27. Methinks this is an article from someone contemplating life as a political pundit.

    No word wizardry can overcome the political fact that the SNP believe that their political programme will only be achieved through overturning Westminster domination of Scotland, whereas the LP still believes that their political project is to win a majority at Westminster. Labour can only achieve this by dismantling the SNP.

  28. Tom, let it go comrade.
    The high heid yins of the Scottish Labour Party have managed to lose half a million votes between 1997 and 2015.
    That borders on the plain daft.
    You and i mean you personally Tom, helped blow 40 safe Labour seats.
    The SNP were no where, you bullied many of your own voters with that BT stunt.
    Btw, Ruth Davidson fully supports the cuts that are coming.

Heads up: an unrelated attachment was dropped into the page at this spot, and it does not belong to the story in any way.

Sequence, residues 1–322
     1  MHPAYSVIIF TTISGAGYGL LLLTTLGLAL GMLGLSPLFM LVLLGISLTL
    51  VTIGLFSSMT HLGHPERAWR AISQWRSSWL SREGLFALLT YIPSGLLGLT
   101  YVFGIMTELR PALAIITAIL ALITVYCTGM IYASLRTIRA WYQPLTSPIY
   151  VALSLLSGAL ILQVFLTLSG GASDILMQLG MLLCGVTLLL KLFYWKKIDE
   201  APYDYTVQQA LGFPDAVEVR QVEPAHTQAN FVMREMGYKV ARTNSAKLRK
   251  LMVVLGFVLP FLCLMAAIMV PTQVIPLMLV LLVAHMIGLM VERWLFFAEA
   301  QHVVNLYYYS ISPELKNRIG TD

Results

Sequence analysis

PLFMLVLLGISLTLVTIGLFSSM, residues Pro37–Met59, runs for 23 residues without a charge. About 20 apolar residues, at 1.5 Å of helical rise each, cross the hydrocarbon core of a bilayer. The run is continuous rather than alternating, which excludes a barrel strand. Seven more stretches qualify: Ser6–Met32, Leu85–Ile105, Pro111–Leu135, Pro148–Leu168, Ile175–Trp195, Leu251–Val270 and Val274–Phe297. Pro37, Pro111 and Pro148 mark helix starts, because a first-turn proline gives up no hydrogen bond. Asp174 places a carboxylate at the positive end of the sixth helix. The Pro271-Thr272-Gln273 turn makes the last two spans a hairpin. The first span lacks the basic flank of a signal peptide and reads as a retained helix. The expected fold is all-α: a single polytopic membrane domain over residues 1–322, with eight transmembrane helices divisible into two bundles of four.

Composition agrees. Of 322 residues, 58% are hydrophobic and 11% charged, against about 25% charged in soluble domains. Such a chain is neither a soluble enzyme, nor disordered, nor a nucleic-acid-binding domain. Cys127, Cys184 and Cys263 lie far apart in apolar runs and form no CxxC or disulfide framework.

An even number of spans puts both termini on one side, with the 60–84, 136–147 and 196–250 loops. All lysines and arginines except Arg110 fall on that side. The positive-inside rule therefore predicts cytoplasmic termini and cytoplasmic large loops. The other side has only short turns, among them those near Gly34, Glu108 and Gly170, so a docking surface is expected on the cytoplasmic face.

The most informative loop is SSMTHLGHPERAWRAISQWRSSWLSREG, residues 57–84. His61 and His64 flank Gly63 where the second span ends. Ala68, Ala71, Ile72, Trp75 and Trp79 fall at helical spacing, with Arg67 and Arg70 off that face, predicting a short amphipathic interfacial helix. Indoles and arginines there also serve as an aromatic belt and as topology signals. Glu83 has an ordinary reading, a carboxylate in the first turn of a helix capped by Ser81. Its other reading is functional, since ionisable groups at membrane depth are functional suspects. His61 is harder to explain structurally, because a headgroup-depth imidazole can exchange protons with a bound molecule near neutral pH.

Do you think really she gives a toss about punters in Castlemilk.
    Seriously Tom, you’d be better keeping quiet for a few years.

    Come back Johann, all is forgiven.

    1. Graham, you are spot on. At least Johann was honest, unlike Tom Harris.
      Where is he now? 60 replies to his article but none worth a comment from the author. Tom still thinks he’s above all that.
      If Labour really want to understand why it has come to the end of the road they should not look at the enemies abilities they should look at this article.
      Tom Harris, Murphy, Curran, Alexander and all the others we can’t remember the names of and never actually heard of, are yesterdays people, These people, fellow Scots, that claimed to represent us, actually believed that for some obscure reason, (membership of the Labour Party) they had a right to rule.
      Those days are over.
      GCC should set up an old folks home for retired members of SLP.
      Any ideas as to afternoon classes?